The deindividuating effects of anonymity on automated group idea generation.
AuthorJessup, Leonard Michael.
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PublisherThe University of Arizona.
RightsCopyright © is held by the author. Digital access to this material is made possible by the University Libraries, University of Arizona. Further transmission, reproduction or presentation (such as public display or performance) of protected items is prohibited except with permission of the author.
AbstractRecent developments in information systems technology have made it possible for individuals to work together anonymously using networked personal computers. In this dissertation, a theory of anonymous interaction is proposed. Evidence is provided to suggest that anonymity has deindividuating effects on group process and can, therefore, influence group outcomes in several ways. Two experiments on anonymity in idea generation are presented. In Study 1, where subjects could leave at their discretion, identification kept them longer and caused them to type more, though there were no differences in the quantity or quality of the ideas across experimental conditions. In Study 2, where subjects were forced to stay, identifiability lost importance. Responsibility, however, rose in importance. Subjects with sole responsibility for their task produced more output than did subjects who shared responsibility. Taken together, these results forced us to reject the hypothesis that anonymous subjects would produce more output than would identified subjects. These results show that we cannot speak simply of the effects of anonymity on idea generation in computer-supported groups. With a straightforward interpretation of previous experiments on GDSS anonymity, it was hypothesized that anonymous subjects would produce more than identified subjects. They did not. It is clear that anonymity will lead to deindividuation, enabling participants to engage in uninhibited behavior. However, whether their behavior is productive or unproductive is determined, at least in part, by task, interaction, and technology.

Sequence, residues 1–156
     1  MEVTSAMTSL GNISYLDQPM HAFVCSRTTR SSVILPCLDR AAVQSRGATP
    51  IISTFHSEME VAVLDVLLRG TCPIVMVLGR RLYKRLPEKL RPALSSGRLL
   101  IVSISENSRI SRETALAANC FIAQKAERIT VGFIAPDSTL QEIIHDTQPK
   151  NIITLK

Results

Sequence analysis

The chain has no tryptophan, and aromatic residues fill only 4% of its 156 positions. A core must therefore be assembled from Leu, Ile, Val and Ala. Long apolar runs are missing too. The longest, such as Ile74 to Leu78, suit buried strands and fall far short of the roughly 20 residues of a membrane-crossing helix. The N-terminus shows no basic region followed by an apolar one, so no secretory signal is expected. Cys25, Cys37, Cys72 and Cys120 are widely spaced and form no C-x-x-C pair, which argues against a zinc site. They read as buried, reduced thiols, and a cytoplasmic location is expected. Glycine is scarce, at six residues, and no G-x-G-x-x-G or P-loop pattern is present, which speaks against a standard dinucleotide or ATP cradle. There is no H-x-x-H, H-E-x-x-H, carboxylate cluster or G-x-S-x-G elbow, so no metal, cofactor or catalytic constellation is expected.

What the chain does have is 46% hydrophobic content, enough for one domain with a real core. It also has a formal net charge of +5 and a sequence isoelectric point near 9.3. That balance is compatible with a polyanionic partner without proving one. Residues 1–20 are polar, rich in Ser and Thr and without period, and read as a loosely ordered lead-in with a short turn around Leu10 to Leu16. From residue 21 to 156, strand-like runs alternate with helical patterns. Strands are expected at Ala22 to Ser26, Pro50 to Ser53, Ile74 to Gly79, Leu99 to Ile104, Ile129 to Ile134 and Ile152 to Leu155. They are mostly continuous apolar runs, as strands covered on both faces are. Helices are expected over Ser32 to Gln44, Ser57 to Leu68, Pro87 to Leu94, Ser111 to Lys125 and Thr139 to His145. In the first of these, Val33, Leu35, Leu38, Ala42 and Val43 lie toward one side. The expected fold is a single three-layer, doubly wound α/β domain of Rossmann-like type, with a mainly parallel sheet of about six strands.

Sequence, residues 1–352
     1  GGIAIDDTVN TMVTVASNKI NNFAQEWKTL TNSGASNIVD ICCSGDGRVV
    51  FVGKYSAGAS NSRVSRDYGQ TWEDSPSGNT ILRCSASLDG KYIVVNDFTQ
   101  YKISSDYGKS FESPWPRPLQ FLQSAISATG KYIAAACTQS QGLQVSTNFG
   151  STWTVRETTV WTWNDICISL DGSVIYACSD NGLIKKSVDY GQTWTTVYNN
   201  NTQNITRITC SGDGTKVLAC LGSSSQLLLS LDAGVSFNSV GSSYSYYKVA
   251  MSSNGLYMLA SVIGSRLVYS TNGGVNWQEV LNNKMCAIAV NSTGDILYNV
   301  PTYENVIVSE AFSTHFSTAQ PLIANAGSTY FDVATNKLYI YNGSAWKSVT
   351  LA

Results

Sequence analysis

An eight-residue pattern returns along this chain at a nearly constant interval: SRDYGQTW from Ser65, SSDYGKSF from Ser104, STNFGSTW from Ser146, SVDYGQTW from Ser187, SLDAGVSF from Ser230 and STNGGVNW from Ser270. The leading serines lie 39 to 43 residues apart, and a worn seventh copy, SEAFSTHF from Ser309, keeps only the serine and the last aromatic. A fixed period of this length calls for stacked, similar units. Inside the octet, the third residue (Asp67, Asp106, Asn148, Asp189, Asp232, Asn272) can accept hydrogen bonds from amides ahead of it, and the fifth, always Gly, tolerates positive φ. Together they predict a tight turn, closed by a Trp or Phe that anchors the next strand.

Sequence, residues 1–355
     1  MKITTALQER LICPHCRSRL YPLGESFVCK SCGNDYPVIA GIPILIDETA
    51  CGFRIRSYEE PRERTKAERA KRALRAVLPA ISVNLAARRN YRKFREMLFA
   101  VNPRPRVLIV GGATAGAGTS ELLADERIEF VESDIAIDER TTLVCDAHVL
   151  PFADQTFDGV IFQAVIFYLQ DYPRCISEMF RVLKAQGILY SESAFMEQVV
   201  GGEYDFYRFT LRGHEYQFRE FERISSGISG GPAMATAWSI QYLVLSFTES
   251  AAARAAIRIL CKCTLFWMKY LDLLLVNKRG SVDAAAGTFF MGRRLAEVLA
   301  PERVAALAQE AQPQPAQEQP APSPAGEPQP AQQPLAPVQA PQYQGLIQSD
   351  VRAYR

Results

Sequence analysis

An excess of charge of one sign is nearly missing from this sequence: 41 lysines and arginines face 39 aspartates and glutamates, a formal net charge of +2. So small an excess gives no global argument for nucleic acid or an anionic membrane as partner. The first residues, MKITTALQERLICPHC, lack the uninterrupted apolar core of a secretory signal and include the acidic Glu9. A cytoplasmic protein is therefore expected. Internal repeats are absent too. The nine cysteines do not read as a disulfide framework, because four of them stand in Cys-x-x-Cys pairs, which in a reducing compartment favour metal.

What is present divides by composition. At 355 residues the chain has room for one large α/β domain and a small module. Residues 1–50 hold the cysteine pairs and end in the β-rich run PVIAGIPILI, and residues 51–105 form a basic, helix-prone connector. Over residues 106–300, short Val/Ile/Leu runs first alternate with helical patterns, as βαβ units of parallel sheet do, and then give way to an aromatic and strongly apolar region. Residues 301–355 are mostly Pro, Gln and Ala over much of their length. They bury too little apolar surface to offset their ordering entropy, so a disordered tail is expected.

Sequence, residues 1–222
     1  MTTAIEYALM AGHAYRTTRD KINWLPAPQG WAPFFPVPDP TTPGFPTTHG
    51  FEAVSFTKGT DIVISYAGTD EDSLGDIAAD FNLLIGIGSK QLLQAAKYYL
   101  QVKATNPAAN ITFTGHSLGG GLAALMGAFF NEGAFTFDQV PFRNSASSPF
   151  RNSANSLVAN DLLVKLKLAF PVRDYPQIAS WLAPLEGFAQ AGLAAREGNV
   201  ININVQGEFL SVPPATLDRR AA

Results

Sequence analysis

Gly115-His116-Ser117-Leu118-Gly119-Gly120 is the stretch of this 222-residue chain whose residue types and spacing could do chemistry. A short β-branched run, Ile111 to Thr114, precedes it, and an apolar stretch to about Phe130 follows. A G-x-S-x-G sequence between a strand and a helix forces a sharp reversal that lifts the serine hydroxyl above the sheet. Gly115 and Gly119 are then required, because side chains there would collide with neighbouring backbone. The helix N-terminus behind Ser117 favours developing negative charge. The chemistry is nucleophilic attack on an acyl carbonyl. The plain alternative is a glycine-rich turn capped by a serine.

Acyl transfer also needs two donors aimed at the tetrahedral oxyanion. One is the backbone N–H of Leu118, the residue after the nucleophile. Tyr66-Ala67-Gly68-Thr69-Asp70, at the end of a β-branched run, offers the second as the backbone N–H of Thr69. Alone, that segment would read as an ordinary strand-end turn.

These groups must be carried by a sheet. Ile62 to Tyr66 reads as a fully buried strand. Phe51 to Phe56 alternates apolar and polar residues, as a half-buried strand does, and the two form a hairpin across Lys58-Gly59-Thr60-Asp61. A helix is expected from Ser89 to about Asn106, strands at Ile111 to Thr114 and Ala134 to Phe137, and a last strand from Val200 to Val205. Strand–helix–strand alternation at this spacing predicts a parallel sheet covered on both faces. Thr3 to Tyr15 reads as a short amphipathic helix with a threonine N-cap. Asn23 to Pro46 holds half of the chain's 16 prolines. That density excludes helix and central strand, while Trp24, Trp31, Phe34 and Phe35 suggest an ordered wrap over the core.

Degree ProgramBusiness Administration